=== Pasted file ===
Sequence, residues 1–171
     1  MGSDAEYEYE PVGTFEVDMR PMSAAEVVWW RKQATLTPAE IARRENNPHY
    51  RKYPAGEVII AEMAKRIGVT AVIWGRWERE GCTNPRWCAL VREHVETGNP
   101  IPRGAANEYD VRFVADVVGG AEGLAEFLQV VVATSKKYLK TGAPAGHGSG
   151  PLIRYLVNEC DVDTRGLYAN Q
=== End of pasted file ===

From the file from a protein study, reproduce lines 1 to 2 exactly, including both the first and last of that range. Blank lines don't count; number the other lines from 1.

Sequence, residues 1–171
     1  MGSDAEYEYE PVGTFEVDMR PMSAAEVVWW RKQATLTPAE IARRENNPHY